As for the “hold” part of the equation, it’s laughable. To do that, you would have to eliminate corruption in the occupied country, measurably improve the conditions of life for the local people…in short, you would need to have a working British Raj of the kind that administrated entire countries at the zenith of the British Empire in the late 19th century and early 20th century. Nothing like that exists today anywhere in the world.

    Too, the “hold” part of the equation fails because today technology has largely equalized insurgents with occupiers. RPGs, stinger missiles, cellphone-detonated shaped-charge plastique IEDs, these can disable an M1A1 Abrams tank in its tracks or kill and entire humvee full of soldiers from a distance. The British never did manage to conquer Afghanistan. At the Battle of Maiwand on 27 July 1880, the Afghans famously slaughtered an entire British army, leaving only the surgeon alive to report back on the horrors he’d seen.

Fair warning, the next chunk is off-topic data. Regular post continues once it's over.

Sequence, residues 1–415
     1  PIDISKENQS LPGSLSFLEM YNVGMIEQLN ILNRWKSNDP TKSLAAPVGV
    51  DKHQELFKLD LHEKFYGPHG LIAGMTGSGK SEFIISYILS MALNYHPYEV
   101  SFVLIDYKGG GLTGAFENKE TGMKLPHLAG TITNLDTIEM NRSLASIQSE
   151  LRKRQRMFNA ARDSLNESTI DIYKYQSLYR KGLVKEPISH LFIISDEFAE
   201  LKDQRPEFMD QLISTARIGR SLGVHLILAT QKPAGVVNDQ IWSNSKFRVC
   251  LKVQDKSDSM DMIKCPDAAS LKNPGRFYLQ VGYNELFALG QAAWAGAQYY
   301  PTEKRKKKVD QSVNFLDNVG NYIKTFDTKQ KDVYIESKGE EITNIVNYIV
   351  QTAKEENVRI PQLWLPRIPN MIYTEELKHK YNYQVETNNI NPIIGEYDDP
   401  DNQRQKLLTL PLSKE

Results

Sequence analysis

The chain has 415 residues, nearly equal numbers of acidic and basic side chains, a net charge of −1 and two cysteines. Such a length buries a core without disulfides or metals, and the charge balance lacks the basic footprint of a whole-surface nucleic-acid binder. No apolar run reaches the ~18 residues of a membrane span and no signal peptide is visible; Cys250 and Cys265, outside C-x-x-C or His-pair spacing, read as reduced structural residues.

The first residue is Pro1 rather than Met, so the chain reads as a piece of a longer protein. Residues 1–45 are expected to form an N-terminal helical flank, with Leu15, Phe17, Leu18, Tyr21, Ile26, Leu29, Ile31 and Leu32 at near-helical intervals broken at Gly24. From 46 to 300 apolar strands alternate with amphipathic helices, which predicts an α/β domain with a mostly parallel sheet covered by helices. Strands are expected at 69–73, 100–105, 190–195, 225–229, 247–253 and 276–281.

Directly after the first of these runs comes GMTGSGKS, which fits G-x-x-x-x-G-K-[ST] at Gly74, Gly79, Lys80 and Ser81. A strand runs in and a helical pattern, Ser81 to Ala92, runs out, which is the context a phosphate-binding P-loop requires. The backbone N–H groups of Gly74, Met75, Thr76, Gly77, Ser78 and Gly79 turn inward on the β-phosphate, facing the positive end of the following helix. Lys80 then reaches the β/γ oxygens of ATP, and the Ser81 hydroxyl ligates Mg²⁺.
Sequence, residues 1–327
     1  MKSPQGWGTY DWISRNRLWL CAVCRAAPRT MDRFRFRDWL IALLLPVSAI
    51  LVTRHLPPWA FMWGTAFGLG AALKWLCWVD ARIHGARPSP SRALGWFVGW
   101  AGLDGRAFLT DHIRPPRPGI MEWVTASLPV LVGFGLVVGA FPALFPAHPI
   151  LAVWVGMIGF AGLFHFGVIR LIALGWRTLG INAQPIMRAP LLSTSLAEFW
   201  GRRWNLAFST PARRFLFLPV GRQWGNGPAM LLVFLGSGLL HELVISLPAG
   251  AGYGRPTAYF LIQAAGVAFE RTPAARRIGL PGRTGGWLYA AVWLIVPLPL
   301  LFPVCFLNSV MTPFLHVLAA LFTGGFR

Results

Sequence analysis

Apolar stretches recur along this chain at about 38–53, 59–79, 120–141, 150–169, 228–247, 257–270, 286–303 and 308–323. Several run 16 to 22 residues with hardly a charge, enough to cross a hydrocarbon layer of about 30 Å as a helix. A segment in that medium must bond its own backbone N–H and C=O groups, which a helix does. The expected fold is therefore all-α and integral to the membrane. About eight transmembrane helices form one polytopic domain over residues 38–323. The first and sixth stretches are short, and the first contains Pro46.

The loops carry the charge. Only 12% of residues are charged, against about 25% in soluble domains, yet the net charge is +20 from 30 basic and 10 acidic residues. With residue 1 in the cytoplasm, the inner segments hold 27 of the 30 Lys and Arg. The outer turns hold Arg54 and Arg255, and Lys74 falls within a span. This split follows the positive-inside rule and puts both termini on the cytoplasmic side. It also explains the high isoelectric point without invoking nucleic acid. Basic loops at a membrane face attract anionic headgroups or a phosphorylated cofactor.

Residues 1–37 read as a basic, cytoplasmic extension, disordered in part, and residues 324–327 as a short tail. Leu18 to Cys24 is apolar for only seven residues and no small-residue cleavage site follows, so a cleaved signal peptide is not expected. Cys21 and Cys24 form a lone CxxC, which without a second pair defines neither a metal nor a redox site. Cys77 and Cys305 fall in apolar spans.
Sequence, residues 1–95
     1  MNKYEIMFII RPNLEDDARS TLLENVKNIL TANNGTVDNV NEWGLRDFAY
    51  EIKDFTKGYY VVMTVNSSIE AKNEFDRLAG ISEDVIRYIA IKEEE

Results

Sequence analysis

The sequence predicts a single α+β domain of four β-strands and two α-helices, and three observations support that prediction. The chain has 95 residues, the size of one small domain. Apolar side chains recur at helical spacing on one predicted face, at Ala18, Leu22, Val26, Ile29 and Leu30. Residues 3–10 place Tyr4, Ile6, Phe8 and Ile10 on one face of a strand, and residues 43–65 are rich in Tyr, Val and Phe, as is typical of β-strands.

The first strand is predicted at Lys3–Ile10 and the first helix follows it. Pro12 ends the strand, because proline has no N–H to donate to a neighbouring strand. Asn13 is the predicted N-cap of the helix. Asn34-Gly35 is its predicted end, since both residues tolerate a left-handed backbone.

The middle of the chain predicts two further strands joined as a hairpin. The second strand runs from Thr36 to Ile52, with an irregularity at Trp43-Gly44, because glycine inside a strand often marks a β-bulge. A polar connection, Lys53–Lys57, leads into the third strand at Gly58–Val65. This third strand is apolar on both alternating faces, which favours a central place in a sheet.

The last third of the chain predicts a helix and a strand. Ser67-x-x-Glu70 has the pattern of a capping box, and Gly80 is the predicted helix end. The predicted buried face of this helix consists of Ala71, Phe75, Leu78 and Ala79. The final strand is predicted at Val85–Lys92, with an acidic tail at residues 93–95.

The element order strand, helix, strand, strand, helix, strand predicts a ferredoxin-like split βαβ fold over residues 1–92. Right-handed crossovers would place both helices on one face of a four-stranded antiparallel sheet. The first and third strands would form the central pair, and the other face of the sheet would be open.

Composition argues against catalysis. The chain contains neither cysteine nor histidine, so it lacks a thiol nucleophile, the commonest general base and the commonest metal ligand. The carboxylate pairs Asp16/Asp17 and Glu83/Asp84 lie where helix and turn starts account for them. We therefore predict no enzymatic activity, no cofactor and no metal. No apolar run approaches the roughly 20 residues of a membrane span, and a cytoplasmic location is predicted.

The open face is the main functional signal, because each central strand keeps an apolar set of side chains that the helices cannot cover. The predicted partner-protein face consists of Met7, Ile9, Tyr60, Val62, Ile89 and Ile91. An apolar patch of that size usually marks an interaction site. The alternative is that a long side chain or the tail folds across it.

The failed and foolish tache d’huile strategy represents a dead end, long discredited in the history of warfare. It wouldn’t work even in an optimal country: but the idea of using such a long-debunked 19th century strategy in Afghanistan, the graveyard of empires, where world-conquering Alexander the Great got into deep trouble and finally hit the end of his road, and where the mighty British Empire got defeated, crushed, and ignominiously humiliated, represents the very acme of folly, a veritable apotheosis of ignorantly hubristic self-delusion.

  2. The odd thing about this whole Af-pak mess is that only a few years ago – as late as 2005 – I heard experts and politicians wonder about what had went wrong in Iraq compared to to the stunning success in Afghanistan in 2001. How sudden things can change. But perhaps what Afghanistan really needs is an Iraqi solution: A troop surge, a few dramatic battles, a decrease in violence and Fox News can declare victory! Minister Grigory Potyomkin was a Russian, but he could have been employed by the U.S. Government today.

    Modern policy is mostly about perception, not content. It doesn’t matter that Afghanistan will continue to be a mess as long as it won’t bother us. Perhaps somebody could tell Mullah Omar this and we would all be able to get along.

  3. McLaren